February 22, 2024

Investment in digital solutions is an insurance policy
David Reeve
Tech can help protect firms and advisors against two key risks
Every business carefully monitors its insurance coverage and cost, which can be significant. Premiums vary based on insurance product, coverage and risk. I recently reviewed a couple of our insurance policies — for cyber-risk and life insurance — and the premiums were about 0.5% of policy coverage.
Imagine if you could buy insurance that would not only protect you against risk but also effectively eliminate that risk. Digital compliance presents such an opportunity.
In the wealth business, firms and advisors face two significant risks. The first is regulatory risk: if you’re found to be non-compliant, you expose yourself to regulatory scrutiny, audit costs, fines and reputational damage. The second is client attrition: if clients take their assets elsewhere, you must rebuild your book. Let’s look at the costs of these two major risks.
In the 2022 KPMG report “A Triple Threat Across the Americas,” compliance was considered one of the top issues facing firms, including financial services and insurance firms. More than half of survey respondents (55%) said their firms suffered losses last year due to regulatory fines or compliance breaches, with the largest firms paying on average 0.8% of net profits as fines for non-compliance. Six in 10 executives expected these fines to increase.
Regulators in North America are stepping up their examinations following recent “best interest” regulations — client-focused reforms in Canada and Regulation Best Interest in the U.S. The business case for investing in strong digital compliance solutions and avoiding these increasing regulatory fines is compelling.
The other major cost to the advisor is client attrition. In a 2022 Salesforce survey of 2,250 wealth clients, a whopping 33% switched providers in the last 12 months. This trend of client attrition is expected to accelerate as baby boomers transfer their wealth to the next generation. The cost of replacing a departing client is significant. A Kitces Research survey of more than 800 U.S. financial advisors reported the average total cost to acquire a new client (or replace a departing client) is US$3,119. One of the rules of client management in any industry is that the cost of attracting new clients can be five to 25 times more than client retention costs.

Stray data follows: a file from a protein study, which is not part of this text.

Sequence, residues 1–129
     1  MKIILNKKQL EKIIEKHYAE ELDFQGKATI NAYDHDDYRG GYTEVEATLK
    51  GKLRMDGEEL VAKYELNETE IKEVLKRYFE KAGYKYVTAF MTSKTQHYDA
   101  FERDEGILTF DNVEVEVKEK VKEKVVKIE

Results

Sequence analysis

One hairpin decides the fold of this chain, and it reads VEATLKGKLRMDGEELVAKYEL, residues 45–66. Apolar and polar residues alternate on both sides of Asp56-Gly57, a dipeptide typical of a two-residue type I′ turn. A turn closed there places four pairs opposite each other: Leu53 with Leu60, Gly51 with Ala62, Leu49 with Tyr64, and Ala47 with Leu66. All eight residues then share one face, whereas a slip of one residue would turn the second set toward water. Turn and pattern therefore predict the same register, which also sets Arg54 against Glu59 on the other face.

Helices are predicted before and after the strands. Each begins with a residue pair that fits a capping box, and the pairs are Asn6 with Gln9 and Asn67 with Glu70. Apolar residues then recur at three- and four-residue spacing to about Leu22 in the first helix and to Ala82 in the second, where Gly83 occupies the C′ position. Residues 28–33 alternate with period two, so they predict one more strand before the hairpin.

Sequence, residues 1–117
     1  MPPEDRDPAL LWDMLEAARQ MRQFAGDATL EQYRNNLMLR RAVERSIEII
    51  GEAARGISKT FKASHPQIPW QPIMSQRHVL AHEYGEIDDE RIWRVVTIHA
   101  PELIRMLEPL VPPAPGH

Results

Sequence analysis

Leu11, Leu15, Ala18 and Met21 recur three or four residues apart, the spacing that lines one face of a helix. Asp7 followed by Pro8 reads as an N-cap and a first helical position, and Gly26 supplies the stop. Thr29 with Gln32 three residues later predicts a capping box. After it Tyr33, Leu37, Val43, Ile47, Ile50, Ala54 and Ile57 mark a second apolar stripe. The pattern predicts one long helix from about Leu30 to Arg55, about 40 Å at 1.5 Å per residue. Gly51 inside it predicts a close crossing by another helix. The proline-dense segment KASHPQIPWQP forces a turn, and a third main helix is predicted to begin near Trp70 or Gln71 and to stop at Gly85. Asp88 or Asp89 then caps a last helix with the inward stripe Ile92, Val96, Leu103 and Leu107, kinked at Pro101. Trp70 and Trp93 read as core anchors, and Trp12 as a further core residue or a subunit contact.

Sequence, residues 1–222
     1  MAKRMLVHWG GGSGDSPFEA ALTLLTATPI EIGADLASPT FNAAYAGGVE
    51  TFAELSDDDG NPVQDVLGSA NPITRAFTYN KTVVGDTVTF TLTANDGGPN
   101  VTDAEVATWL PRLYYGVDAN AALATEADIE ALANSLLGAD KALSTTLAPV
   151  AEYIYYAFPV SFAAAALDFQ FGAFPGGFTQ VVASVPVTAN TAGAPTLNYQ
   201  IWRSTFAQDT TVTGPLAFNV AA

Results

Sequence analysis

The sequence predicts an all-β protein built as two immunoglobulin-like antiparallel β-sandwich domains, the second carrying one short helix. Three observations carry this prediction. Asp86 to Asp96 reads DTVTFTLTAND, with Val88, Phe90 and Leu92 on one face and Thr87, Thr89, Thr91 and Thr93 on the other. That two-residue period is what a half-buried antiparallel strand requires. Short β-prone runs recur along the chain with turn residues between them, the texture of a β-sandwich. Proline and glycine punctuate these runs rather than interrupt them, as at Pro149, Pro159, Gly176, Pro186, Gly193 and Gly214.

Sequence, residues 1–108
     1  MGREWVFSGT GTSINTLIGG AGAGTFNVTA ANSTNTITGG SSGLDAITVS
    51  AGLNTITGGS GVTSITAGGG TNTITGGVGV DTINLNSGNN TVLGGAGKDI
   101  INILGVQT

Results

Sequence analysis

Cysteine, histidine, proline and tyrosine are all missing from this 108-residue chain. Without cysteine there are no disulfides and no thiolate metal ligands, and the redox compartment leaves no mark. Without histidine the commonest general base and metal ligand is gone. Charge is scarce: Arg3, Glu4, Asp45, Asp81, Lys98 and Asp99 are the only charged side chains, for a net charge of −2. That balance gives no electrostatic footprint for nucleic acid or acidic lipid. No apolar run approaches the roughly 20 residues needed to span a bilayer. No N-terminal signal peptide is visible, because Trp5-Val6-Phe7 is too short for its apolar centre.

So, how does digital compliance provide insurance against these major costs?
It’s helpful to take a deeper look at why this money is in motion. The Salesforce study highlights three primary factors driving client attrition: ease of use of digital wealth offerings, transparency of fees and open disclosure, and bad experience with previous advisors. To stem the tide of client attrition, advisors and firms will need to focus on creating great digital experiences, embracing client-friendly regulatory disclosure and acting in the best interests of their clients.
I asked one of our client leaders whether they see a correlation between compliance, advisor success and client attrition. His answer: “It’s the simple fact that this industry operates almost entirely on trust … The most successful advisors at our firm are also the most compliant, simply because they play by all the rules and have a loyal customer base as a result.”
As our industry evolves over the next few years, the winners will be those that retain and build profitable assets. Avoiding regulatory costs and reversing the trend of client attrition are tremendous opportunities to lead. Investing in digital wealth solutions will not only insure your practice and firm against these risks but also potentially eliminate them.
David Reeve is CEO of InvestorCOM Inc., a compliance technology provider to the wealth management industry.
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